Aimar playing for Johor Darul Ta'zim in 2014
|Full name||Pablo César Aimar Giordano|
|Date of birth||3 November 1979|
|Place of birth||Río Cuarto, Argentina|
|Height||1.70 m (5 ft 7 in)|
|Playing position||Attacking midfielder|
|1985–1993||Estudiantes Río Cuarto|
|2013–2014||Johor Darul Ta'zim||8||(2)|
|* Senior club appearances and goals counted for the domestic league only.
A technically gifted and creative attacking midfielder with a vast array of skills, Aimar excelled as an advanced playmaker, where he was best able to utilise his dribbling, vision, and passing ability to create chances for team-mates. Due to his talent and flamboyance, he was given the nicknames El Payaso (the clown) and "El Mago" (the wizard) throughout his career. As a youth, compatriot Lionel Messi stated in 2002 that Aimar was one of his biggest influences as a player.
After starting his senior career at River Plate in 1996, he amassed La Liga totals of 215 games and 32 goals over eight seasons with Valencia and Real Zaragoza between 2001 and 2008, before spending five years in Portugal with Benfica, winning nine major titles between the three teams.
Aimar earned 52 caps for Argentina over ten years, representing the nation in two World Cups and as many Copa América tournaments, as well as a Confederations Cup. He reached the final of the 2005 FIFA Confederations Cup and the 2007 Copa América with the Argentine national side.
- 1 Club career
- 2 International career
- 3 Personal life
- 4 Career statistics
- 5 Honours
- 6 References
- 7 External links
Born in Río Cuarto, Córdoba, Aimar began playing football semi-professionally for hometown club, Estudiantes de Río Cuarto. It was there that he was spotted by River Plate and offered the chance to join the club's academy. Aimar's father initially prevented him from joining River as he felt he was too young to be playing football, but relented after manager Daniel Passarella personally asked him to allow his son to play. Having turned down the opportunity to attend medical school to pursue a career in football, Aimar made his debut for River on 11 August 1996 against Club Atlético Colón. His first goal for the club came on 20 February 1998 against Rosario Central. Aimar lifted five titles with River between 1996 and 2000, scoring 22 goals in 87 across all competitions appearances for the club, with his final appearance coming on 17 December 2000 in a 3-2 loss to Lanús.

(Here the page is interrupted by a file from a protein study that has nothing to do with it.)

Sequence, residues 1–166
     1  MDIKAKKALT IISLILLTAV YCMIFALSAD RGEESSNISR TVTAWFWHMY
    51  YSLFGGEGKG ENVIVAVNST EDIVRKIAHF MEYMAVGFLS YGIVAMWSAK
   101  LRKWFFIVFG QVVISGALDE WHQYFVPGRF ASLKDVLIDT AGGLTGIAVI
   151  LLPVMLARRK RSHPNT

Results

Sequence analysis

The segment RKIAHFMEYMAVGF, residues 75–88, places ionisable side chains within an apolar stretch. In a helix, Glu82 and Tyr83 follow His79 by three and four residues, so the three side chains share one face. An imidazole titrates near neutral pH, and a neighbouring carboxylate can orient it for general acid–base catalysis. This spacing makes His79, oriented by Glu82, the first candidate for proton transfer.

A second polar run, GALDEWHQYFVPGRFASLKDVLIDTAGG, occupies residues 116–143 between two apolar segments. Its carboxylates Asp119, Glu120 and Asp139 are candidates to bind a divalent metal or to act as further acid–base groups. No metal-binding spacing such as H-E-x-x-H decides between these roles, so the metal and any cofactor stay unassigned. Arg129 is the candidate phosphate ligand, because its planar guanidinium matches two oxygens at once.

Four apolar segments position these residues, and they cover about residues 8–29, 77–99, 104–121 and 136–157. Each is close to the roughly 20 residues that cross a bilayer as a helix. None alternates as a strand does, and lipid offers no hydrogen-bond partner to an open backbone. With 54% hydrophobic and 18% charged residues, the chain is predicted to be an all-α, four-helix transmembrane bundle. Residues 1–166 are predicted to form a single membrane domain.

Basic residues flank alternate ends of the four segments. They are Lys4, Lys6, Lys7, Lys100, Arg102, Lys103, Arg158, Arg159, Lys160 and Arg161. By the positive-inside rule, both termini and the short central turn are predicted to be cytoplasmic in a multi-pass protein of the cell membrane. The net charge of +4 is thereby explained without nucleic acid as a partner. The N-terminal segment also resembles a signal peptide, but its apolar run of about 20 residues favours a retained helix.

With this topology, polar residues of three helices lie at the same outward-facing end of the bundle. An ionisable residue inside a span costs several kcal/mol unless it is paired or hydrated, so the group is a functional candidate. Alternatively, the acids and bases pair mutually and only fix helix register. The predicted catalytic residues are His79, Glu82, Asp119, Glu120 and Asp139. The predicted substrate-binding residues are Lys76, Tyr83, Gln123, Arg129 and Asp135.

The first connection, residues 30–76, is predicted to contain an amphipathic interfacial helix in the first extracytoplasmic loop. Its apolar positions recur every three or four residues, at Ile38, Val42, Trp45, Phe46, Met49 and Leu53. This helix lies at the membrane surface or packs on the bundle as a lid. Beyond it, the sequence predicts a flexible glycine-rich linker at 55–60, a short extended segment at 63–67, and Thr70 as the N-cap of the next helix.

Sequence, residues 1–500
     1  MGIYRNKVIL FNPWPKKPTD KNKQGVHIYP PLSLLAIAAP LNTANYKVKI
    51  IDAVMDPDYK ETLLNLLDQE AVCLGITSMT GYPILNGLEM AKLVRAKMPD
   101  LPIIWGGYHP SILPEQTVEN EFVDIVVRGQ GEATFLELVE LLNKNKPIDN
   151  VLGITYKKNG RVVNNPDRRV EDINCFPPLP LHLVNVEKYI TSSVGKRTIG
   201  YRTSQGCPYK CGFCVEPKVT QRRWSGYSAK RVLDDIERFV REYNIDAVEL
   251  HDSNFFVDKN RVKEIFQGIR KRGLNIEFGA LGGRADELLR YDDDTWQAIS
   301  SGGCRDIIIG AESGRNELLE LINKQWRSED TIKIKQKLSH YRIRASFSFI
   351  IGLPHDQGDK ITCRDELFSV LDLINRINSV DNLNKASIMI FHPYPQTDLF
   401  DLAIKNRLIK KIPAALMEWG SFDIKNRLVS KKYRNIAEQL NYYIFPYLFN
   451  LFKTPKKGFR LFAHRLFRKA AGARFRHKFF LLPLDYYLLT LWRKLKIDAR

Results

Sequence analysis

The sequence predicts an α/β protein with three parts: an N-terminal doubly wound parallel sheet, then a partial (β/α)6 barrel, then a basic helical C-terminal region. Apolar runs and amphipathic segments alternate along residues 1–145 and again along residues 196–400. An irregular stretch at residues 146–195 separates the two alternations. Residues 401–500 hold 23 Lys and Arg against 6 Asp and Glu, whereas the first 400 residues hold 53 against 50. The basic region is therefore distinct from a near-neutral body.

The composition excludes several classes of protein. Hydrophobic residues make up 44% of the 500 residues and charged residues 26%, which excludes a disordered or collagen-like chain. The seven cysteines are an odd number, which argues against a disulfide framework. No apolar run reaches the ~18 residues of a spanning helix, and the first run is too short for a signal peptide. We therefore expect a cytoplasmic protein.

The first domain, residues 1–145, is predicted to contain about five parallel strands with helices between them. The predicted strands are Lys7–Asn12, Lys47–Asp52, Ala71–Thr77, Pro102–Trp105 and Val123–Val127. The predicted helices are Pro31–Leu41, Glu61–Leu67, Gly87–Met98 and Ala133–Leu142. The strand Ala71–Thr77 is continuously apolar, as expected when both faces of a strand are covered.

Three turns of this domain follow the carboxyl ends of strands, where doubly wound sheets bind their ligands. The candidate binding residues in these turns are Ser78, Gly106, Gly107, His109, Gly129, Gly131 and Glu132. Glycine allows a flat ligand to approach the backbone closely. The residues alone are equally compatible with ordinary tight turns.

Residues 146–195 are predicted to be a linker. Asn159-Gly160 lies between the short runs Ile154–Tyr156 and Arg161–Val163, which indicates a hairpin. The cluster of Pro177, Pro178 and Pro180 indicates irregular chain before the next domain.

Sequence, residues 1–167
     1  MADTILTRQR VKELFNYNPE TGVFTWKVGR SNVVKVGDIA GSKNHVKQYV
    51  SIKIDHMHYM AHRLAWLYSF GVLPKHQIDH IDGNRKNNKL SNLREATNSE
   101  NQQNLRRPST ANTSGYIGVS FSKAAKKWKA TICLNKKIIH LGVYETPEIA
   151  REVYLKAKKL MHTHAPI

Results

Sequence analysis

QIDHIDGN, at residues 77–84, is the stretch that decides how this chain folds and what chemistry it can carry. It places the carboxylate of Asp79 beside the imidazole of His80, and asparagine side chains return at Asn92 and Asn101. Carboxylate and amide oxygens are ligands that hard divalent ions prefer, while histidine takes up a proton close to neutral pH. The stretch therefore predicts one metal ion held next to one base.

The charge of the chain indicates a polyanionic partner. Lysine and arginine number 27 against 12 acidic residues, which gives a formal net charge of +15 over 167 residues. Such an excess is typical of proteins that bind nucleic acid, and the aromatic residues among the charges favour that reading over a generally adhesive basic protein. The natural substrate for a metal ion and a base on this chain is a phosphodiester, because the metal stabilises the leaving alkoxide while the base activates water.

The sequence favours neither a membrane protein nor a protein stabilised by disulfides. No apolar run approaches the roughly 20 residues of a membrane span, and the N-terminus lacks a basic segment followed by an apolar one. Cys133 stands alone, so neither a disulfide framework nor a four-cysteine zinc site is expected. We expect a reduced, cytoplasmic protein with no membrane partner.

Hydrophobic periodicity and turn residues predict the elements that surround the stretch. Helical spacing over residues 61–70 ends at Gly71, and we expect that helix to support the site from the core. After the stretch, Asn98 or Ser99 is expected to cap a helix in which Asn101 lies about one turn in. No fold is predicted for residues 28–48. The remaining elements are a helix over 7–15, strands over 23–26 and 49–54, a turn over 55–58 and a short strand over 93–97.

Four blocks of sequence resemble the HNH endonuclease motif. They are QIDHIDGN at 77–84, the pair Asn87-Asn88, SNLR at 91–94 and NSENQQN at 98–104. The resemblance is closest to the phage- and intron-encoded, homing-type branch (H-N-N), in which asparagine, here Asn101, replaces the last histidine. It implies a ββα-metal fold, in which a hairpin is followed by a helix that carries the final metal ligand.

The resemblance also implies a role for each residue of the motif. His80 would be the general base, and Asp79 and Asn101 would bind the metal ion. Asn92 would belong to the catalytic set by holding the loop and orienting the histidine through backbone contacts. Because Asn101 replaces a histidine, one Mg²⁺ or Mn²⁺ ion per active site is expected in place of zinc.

In January 2001, Spanish La Liga side Valencia signed Aimar from River for a fee of €24 million (£13 million). In February he made his debut for the club against Manchester United and drew praise from three-time Ballon d'Or winner Johan Cruyff for his performance after the match. The following weekend he scored on his La Liga debut, netting in a 2–0 away win over Las Palmas. Aimar immediately became a key figure in Valencia's midfield under Rafa Benítez and helped the club reach the 2001 UEFA Champions League Final where they lost to Bayern Munich on penalties. During the following campaign, in what was his first full season with the club, Aimar appeared in 33 league games and scored 4 goals as Valencia were crowned 2001–02 La Liga Champions for the first time in 31 years. He ended as the club's second highest goal scorer across all competitions for the season behind Rubén Baraja.
During the following season's Champions League, Aimar jointly topped the assists log alongside Rui Costa of A.C. Milan with 5 assists to his name. It was a disappointing campaign for Valencia, though, as they were eliminated from the Champions League in the quarter-finals and ended the league season in fifth place. However, it would soon be forgotten, as Valencia stormed to League and UEFA Cup double the following season. Despite making more than 30 appearances for the season and playing an influential role in the club's UEFA Cup triumph, Aimar was sidelined for large parts of the season in what was to set an injury-plagued tone to his career.
Following a breakdown between Benítez and Valencia's sporting director Jesús García Pitarch, the former left his position at the club and was replaced by Italian manager Claudio Ranieri for the 2004–05 season. A combination of injury concerns and tactical changes from the manager saw Aimar struggle under Ranieri and found himself being as employed as a substitute more frequently than before. The Italian departed the club in February and was replaced by Antonio López who in turn was replaced by Quique Sánchez Flores for the following season. With Valencia in decline, Aimar decided to leave the club at the end of the 2005–06 season having amassed over 200 appearances for the club over the course of five-and-a-half seasons.